You don't have to take my word for that, though. I suspect there are quite a few commentators who are not entirely happy with this portion of the work. Jean Hyppolite - a translator and commentator I always enjoy reading - notes "Hegel's abstract language", and points out the need to "show the truly concrete meaning of this experience". He'll tell us that "[w]hat Hegel has in mind is primarily sensuous love", but he admits "this is never made explicit".
Hyppolite also suggests that Hegel provides "a description of the hedonism of every epoch, albeit, to be sure, a refined hedonism." I can't say I agree with that qualification myself, and although I can see why one might interpret Hegel's allusive, or even at times almost cryptic remarks about "pleasure" to refer primarily to those of sensuous love, I don't agree with according that primacy. There's more going on in this passage, I think, when it comes to the pleasure - or pleasures - involved.
Why Discuss Pleasure In The First Place?That's a good question. Why is Hegel discussing pleasure here? This isn't like what we see in many other treatments of hedonism, where for example, the claims of pleasure are being examined in terms of the good(s) of human existence. Typically, there's three main ways in which that sort of discussion proceeds.
One might actually be committed to some sort of hedonistic viewpoint. For instance, one could be a classical or modern Epicurean. Or one might be a Utilitarian who hasn't strayed too far away from Bentham's insistence that pain and pleasure are the two masters. In that sort of case, after attempting to prove that everything really does comes down to pleasures and pains for human beings (whatever else we might say about life, morality, and so forth), the discourse tends to be about why some pleasures are better or more rational than others. There's a prudential attitude, perhaps even a calculus proposed by these sorts of hedonists.
Then there's those for whom pleasure seems entirely irrelevant - or perhaps seductive, misleading, even disgusting - from a moral point of view. Pleasure not only is definitely not the good, but is liable to lead us entirely astray if it leaches into any of our considerations. Kant himself, despite what he says at some points in his work, does not really go quite that far (there is at least a duty of sorts to produce pleasure for others, if not for ourselves), but you can find some people who do espouse a kind of attitude like that.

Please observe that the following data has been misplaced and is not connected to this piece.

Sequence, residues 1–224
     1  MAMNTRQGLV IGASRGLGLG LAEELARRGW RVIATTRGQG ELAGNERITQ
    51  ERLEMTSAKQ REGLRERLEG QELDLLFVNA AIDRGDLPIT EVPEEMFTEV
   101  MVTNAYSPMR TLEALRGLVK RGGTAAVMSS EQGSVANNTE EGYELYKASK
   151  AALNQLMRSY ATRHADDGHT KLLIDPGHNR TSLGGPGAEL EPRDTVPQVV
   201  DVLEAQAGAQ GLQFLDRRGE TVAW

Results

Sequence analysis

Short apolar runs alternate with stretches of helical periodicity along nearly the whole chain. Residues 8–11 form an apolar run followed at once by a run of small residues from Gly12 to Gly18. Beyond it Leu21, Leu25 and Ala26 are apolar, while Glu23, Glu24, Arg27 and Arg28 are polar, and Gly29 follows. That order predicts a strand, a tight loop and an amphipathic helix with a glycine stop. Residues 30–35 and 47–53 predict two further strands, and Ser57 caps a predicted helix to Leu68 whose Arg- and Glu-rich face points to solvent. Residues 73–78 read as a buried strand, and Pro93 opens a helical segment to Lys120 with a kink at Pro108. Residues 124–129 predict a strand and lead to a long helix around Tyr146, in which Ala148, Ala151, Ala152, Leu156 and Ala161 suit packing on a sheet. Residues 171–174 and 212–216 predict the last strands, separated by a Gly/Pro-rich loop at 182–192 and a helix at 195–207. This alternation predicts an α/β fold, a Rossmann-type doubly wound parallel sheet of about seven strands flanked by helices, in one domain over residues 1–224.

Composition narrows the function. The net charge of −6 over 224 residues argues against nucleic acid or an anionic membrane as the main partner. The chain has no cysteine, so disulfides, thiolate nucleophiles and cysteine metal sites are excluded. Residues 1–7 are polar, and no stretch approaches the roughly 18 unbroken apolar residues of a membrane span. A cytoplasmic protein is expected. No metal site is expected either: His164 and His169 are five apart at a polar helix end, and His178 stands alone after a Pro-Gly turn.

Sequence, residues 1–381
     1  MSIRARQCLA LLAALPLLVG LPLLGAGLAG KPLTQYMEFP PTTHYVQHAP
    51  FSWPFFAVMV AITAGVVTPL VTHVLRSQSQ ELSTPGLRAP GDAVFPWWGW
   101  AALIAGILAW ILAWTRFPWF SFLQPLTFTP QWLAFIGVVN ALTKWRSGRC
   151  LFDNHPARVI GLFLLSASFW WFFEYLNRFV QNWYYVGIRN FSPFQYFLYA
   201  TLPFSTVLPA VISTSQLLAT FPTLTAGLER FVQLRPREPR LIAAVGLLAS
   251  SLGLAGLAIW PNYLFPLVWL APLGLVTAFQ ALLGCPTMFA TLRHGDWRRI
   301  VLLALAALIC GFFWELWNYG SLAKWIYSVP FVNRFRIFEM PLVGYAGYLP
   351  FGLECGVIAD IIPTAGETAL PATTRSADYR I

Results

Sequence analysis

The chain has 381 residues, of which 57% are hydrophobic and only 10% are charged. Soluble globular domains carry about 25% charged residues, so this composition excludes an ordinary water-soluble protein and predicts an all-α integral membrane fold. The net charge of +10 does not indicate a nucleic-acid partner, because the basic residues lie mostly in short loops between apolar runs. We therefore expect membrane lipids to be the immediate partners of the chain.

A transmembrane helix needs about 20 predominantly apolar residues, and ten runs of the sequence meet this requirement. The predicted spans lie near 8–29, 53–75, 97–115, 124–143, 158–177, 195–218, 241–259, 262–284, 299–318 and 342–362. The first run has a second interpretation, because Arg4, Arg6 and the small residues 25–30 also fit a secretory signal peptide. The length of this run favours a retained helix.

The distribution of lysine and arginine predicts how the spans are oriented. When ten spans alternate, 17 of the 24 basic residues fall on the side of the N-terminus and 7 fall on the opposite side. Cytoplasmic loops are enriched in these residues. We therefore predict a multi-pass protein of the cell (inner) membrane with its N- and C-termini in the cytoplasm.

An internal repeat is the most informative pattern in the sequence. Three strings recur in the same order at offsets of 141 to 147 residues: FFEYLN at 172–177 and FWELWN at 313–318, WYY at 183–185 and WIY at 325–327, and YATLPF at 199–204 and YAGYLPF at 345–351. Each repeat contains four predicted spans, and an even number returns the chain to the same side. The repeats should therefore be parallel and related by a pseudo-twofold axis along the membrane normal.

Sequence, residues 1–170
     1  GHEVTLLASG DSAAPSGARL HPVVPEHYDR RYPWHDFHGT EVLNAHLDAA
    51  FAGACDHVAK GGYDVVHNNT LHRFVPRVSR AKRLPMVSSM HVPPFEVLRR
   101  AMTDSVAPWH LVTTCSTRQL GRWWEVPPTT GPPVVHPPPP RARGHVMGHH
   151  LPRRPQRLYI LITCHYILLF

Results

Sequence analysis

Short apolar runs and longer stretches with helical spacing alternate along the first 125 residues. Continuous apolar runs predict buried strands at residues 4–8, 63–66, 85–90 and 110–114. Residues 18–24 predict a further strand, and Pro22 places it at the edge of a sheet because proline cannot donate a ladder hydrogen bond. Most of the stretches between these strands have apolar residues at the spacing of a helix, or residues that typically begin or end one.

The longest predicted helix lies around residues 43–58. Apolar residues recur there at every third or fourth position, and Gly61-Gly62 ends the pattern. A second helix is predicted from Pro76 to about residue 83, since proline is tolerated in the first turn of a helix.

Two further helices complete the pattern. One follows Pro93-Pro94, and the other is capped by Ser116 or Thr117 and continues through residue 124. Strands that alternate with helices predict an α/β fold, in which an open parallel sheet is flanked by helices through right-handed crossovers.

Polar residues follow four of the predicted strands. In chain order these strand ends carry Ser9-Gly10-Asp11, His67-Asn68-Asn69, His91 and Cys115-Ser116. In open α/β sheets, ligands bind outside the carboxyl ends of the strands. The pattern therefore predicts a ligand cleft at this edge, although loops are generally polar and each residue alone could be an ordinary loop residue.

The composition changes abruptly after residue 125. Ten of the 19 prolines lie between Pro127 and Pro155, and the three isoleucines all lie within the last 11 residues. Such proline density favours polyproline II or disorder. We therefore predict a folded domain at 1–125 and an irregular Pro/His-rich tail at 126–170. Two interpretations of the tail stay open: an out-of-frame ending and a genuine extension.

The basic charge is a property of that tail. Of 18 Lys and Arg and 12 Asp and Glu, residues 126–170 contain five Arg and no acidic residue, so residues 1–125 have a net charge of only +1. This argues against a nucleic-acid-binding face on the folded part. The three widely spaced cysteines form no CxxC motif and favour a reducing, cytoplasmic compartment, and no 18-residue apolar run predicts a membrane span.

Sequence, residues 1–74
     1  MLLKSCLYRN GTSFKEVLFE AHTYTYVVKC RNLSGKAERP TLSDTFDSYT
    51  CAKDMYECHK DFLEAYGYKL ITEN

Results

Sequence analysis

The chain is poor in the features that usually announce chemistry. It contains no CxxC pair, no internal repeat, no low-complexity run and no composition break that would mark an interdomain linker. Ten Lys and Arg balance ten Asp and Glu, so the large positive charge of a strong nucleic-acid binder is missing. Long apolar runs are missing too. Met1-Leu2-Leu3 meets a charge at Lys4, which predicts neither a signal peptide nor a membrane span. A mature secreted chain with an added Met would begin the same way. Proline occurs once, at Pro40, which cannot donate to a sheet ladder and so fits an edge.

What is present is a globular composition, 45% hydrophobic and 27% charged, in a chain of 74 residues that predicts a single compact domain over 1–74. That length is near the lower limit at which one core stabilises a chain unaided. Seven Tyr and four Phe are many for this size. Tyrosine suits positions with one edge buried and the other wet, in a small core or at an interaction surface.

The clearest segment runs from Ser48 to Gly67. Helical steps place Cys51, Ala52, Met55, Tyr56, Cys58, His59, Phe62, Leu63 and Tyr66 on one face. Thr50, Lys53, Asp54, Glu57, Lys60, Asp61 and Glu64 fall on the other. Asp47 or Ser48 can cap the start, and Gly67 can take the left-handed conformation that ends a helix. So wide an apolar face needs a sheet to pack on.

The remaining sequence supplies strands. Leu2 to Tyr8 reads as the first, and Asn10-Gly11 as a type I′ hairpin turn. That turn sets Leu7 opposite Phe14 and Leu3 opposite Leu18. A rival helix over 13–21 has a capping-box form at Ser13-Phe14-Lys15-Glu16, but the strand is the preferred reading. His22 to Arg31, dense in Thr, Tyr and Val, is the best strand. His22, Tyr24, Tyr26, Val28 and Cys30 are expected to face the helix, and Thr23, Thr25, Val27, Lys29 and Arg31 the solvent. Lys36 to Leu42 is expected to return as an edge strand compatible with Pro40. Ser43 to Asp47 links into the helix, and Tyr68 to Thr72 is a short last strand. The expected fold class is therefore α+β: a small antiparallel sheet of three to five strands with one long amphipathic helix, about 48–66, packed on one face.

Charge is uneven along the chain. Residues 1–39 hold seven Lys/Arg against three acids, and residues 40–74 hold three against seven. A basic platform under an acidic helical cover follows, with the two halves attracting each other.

Then there's what are, in my view, more realistic treatments of pleasure, often coming to us from virtue ethicists. These people, among whom I'd include Plato, Aristotle, Augustine, Boethius, and Thomas Aquinas, do think that pleasure is something good, but that it is a limited good, of a lower type and value than other kinds of goods. So, for example, Aristotle thinks that the person who takes pleasure in engaging in virtuous activity enjoys that good of pleasure - and in fact ought to feel it - but the person who just does things like the virtuous person, thinking thereby to enjoy pleasure, has got matters mixed up. It's the virtue that is really valuable, and the pleasure is just the icing on the proverbial cake.
Hegel doesn't follow out any of these lines in his analysis. It could be interesting that once a person does decide he or she wants to pursue pleasure, that person engages in some rational prudential process to maximize pleasure and minimize pain. It might even be interesting that the person thereby has to learn a good bit about pleasures and pains so that they can be intelligently compared against each other as one does one's practical decision-making. But Hegel does not discuss that. In this section, Hegel is also entirely unconcerned about the enemies of pleasure, those representatives of the "ascetic principle", as Bentham called it. The person he focuses upon in this section does want pleasure, and does take pleasure as their good.
He's also not examining the relative value or goodness of pleasure in the way that, for example Aristotle does in Nicomachean Ethics book one, or Thomas Aquinas does in Summa Theologiae, IaIIae, question 2. by this I mean he's not setting pleasure out in a field of contenders for what genuine human happiness, or the most fulfilling good, would be. That said, you might view him as doing something in a distant way akin to what those earlier dialectically systematic philosophers we're doing.
In this section, Hegel will allow pleasure to have its say. He follows out what is the case, or what happens, when a person does in fact take pleasure to be a good around which he or she orients his or her existence. And, if it turns out - as it will - that pleasure is something not only insufficient, but that its pursuit and elevation as the good brings to light contradictions, well, that's what he's after in his analysis. To see why, you have to look back a bit in the text.
Pleasure, Hedonism, and the Good of Human ExistenceThe larger sub-section of the Reason section that this discussion occurs in is titled "The Actualization of Rational Self-Consciousness Through Its Own Activity". We're finished with "Observing Reason" - that is, at this point in the text, we've made an important transition from the primarily theoretical or speculative to the practical - we're looking at human action, at ways of life, at decision-making, choices and what gets learned in the process - both by the person placing that stake and living that commitment out (the rational self-consciousness whose path is being narrated as that "shape of consciousness", and by us (the observers, along for the phenomenological ride).